After twelve years in Holland they packed up again once again in search of religious freedom and a desire to expand their Christian faith. Later the Separatists became better known as Pilgrims which means travelers or wanderers.
That led ultimately to a voyage to America in 1620. The Mayflower landed late in 1620 with only about one third of its passengers considered to be Separatists. Upon arrival not everyone was interested in working to his full capacity and for the first couple of years food was in short supply.
It was at that time William Bradford decided to divide the land and let each household be responsible for meeting their own needs. It turned out to be a very wise decision, as production in the colony went way up. As Bradford later writes he is careful to give God all the credit for numerous events, the decisions that were made, and for leading them in specific ways.
While we have read about the first Thanksgiving in 1621 after the Pilgrims’ first growing season how often do we stop and give thanks for how God has led us? Let’s not forget that that first year was not incredible. One third of the colonists died during that first winter because of malnutrition or disease. The point is we don’t simply thank God when life is overly bountiful, we also thank Him in lesser times. That means we all have a story to tell where God gets the credit.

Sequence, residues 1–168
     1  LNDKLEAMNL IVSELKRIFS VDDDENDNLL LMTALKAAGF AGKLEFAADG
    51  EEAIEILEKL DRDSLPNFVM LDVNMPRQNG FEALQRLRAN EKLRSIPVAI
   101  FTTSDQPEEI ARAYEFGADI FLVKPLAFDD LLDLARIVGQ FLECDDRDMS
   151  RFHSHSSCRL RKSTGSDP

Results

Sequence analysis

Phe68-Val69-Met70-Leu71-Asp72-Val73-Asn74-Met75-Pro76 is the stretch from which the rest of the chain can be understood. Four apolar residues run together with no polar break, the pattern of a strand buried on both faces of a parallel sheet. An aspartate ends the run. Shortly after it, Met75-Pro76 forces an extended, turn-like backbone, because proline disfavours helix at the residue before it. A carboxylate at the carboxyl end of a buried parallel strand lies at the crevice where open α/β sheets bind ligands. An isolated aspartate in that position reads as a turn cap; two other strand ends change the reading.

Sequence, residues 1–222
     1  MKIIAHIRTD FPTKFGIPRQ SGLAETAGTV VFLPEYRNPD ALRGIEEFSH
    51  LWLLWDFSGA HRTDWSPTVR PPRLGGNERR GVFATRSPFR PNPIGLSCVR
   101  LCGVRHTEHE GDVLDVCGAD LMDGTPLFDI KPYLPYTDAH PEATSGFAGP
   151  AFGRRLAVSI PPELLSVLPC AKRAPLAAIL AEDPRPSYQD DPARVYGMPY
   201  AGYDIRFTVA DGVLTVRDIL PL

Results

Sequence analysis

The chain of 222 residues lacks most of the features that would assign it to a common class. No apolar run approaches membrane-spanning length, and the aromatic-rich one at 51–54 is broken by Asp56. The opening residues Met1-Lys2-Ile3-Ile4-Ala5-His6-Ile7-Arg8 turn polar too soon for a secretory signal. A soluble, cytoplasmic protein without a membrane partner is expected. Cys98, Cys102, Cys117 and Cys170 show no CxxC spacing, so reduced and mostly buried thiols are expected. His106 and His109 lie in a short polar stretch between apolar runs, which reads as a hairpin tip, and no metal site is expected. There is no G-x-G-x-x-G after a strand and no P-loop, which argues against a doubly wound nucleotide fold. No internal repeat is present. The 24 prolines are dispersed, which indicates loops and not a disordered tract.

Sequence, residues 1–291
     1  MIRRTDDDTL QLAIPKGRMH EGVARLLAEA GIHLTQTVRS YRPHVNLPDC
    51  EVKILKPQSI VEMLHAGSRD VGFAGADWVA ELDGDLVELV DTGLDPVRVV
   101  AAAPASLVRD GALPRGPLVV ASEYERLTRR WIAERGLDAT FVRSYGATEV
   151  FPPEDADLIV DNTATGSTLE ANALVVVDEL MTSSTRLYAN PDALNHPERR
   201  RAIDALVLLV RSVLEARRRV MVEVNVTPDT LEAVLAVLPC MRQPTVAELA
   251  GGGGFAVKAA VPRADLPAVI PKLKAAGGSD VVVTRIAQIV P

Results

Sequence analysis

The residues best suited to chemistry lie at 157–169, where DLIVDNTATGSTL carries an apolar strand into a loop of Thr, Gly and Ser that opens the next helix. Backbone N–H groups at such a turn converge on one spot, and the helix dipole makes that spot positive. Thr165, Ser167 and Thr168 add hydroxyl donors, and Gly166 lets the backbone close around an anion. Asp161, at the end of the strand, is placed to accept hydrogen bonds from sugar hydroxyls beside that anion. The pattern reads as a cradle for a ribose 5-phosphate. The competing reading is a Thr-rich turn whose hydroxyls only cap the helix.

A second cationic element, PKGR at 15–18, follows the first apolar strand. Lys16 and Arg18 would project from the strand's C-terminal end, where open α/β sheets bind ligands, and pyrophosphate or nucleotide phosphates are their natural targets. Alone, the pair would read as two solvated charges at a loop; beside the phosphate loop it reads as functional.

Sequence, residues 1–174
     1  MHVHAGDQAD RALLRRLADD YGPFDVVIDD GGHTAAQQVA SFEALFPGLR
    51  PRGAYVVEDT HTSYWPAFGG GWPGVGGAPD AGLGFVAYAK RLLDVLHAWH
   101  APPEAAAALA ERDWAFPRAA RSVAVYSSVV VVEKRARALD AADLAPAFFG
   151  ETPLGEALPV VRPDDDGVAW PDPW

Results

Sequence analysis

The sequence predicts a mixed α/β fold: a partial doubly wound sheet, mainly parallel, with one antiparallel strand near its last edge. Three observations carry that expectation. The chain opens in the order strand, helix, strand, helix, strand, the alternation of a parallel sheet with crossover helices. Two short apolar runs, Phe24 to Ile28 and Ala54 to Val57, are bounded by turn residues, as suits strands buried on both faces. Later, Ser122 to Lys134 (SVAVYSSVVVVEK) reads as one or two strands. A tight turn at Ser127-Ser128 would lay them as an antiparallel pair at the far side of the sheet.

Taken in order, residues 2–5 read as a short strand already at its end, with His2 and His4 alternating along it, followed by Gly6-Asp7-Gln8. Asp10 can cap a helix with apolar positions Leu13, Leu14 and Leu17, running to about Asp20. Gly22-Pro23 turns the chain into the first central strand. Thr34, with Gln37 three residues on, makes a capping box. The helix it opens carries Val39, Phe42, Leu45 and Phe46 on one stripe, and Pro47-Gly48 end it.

Carol and I built our first house and lived in it for several years as we added on and finished the basement. Our house was simple and small, but our lives were about to change. We went out on a date on a Friday night. Right after we dropped the kids off at some friends Carol suggested that we take a look at a piece of land she had seen advertised on the highway.
At this point I was in no mood to build another house. After all we had just finished the one we were in. For some reason (I believe God led me), I said ok, “Where is the property?”
We drove by and by Sunday evening we had a deal on five acres of property. It was there that we built our second house and from a financial standpoint it turned out to be the biggest turning point in our lives.
Like William Bradford, I hope to be able to always look back and see how God has worked in my life. Too much happens that I simply cannot take the credit for. What if Carol and I had not gone out on that Friday night? We learned later that another buyer had the money to buy it at 8am on Monday morning. What if Carol had not gone out that day and seen the sign?
The bottom line–God is at work in your life. Have you noticed? Have you taken the time to recount how He has led you?
This Thanksgiving, take some time to review God’s providence, His working in your life, and thank Him.
Thanksgiving: Give God the Credit!